Review: No debating quality of Jim Lehrer's book

MIKE HOUSEHOLDER - Associated Press
In this book cover image released by Random House, "Tension City: Inside the Presidential Debates, from Kennedy-Nixon to Obama-McCain," by Jim Lehrer, is shown. (AP Photo/Random House)

"Tension City: Inside the Presidential Debates, from Kennedy-Nixon to Obama-McCain" (Random House), by Jim Lehrer: Presidential debates are subject to as much Monday morning quarterbacking as, well, a big-time football game.

A candidate's every phrase and physical movement is dissected by campaign officials, political strategists, journalists and others.

It's the ultimate high-wire act: Make a mistake in front of millions of prospective voters watching at home, and a White House hopeful potentially jeopardizes nothing less than a shot at becoming president of the United States.

Who better to provide a thoughtful and revealing examination of these uniquely American electoral exercises than Jim Lehrer, a man who has moderated a whopping 11 of them?

The longtime PBS anchor does exactly that in "Tension City: Inside the Presidential Debates, from Kennedy-Nixon to Obama-McCain."

Readers surely would have been satisfied had Lehrer relied on his own experiences for the book, but he does so much more than that.

Lehrer conducted interviews with many of the candidates and moderators/questioners and draws out of them fascinating details on how they felt before, during and after their debates.

The result is an illuminating behind-the-scenes look — from all perspectives — at a quadrennial event the author likens to "walking down the blade of a knife."

Take, for instance, then-Republican presidential candidate Ronald Reagan's famed "There you go again" line, which he uttered during a 1980 debate with President Jimmy Carter, the Democratic incumbent. Reagan told Lehrer the use of those words was entirely spontaneous, while Carter believed it was a "well-rehearsed line" Reagan had "prepared carefully."

Lehrer also touches on what he calls "Major Moments" from other debates, including Democratic vice presidential candidate Lloyd Bentsen's memorable dressing-down of his GOP counterpart, Dan Quayle ("Senator, you're no Jack Kennedy) in 1988 and Arizona Republican John McCain's refusal to look at his opponent, fellow Sen. Barack Obama, D-Ill., during this past presidential election.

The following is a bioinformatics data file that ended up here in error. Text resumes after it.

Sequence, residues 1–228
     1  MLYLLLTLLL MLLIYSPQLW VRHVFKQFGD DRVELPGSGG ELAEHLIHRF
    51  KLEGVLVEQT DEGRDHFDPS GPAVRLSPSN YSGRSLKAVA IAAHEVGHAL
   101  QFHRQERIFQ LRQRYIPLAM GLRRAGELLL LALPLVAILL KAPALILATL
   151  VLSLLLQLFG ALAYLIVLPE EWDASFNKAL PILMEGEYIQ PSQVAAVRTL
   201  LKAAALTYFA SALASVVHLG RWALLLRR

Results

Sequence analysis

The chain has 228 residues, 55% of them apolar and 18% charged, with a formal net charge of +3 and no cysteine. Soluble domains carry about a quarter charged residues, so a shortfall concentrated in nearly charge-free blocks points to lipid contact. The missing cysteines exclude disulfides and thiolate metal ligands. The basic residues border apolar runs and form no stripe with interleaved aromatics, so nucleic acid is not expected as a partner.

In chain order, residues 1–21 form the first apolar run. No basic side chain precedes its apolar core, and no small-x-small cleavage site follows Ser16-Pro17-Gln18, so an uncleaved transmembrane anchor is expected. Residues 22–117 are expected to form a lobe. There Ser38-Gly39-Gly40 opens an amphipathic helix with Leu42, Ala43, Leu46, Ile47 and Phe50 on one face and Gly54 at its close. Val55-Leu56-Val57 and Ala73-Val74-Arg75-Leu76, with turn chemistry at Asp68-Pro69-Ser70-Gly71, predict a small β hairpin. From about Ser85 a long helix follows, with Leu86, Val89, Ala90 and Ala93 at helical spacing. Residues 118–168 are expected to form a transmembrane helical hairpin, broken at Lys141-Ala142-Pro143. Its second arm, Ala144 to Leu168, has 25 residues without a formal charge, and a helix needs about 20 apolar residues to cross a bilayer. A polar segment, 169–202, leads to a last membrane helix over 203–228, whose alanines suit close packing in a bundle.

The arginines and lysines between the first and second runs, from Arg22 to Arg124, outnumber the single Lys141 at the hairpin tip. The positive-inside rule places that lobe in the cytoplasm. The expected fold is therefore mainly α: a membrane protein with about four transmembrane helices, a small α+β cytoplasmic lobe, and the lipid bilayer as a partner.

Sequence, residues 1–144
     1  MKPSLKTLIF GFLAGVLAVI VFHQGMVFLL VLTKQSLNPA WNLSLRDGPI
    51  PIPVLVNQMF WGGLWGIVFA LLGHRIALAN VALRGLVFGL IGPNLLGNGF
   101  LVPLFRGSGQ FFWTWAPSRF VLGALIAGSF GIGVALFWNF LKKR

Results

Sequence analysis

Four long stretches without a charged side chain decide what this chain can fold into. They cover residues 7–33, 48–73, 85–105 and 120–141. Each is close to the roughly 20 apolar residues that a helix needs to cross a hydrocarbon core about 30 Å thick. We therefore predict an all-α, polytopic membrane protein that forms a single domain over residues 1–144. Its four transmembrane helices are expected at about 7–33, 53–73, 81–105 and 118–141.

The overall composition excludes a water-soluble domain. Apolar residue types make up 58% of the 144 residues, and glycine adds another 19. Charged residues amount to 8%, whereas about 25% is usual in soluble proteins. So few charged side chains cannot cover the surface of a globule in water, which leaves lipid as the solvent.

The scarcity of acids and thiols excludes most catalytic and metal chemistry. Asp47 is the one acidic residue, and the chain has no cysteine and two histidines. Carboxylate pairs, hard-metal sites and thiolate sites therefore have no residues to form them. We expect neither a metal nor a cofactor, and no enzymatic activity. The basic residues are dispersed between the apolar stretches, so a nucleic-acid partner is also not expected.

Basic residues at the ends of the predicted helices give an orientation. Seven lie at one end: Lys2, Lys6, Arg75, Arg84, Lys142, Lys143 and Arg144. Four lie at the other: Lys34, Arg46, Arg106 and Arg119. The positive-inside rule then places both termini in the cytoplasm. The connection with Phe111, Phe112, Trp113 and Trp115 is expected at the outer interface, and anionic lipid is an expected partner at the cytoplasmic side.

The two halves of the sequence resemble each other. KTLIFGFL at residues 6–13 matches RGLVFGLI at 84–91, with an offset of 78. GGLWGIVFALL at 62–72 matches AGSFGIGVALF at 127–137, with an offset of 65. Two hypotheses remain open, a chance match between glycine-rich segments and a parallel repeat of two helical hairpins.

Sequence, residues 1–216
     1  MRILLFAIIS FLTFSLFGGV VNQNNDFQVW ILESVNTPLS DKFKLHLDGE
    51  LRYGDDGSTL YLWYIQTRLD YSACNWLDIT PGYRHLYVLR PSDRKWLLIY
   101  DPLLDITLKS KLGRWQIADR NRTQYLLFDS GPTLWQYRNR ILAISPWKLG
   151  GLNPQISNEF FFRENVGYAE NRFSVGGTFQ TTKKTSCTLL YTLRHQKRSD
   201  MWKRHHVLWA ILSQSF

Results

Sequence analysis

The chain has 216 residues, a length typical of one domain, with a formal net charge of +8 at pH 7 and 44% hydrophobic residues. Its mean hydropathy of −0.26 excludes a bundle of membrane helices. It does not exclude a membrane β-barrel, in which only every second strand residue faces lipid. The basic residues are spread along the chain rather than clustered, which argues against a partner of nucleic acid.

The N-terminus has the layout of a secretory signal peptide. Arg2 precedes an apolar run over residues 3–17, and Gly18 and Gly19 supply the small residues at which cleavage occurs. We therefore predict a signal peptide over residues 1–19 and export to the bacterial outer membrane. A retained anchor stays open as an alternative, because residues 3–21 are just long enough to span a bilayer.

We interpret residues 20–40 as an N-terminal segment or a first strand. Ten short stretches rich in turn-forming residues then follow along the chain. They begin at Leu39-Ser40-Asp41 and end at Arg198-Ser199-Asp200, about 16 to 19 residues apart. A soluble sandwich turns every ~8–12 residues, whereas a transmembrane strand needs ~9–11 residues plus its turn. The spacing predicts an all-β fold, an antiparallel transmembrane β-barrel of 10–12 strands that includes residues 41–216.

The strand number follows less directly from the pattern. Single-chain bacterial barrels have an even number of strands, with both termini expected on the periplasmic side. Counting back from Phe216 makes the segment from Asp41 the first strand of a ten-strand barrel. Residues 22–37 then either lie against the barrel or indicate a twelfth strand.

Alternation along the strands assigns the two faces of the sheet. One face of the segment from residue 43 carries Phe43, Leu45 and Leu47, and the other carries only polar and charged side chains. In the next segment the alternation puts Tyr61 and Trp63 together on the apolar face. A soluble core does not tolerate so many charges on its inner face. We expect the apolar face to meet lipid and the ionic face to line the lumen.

One of the most engrossing passages in "Tension City" focuses on the 1992 town hall debate in Richmond, Va., among Republican President George H.W. Bush; his Democratic challenger, Arkansas Gov. Bill Clinton; and Texas businessman H. Ross Perot, who was running as an independent.

During that three-way showdown, Bush was caught on-camera eyeballing his wristwatch, which some saw as evidence the president would rather have been somewhere else.

As it turns out, that observation was a fair one.

In the book, Bush reveals, "Now, was I glad when the damn thing was over? Yeah. And maybe that's why I was looking at it — only 10 more minutes of this crap, I mean."

Clinton said he also noticed the president checking out his watch.

"I thought, I felt, when I saw it, that he was, you know, uncomfortable in that setting and wanted it to be over with."

It was Bush who provided the book with its title. Lehrer asked him to sum up his debate experience, and the ex-president's answer was: "Those big-time things ... it was tension city, Jim."

There's no debating the nerve-racking nature of these face-offs between presidential wannabes.

Or that "Tension City" is a really good read.

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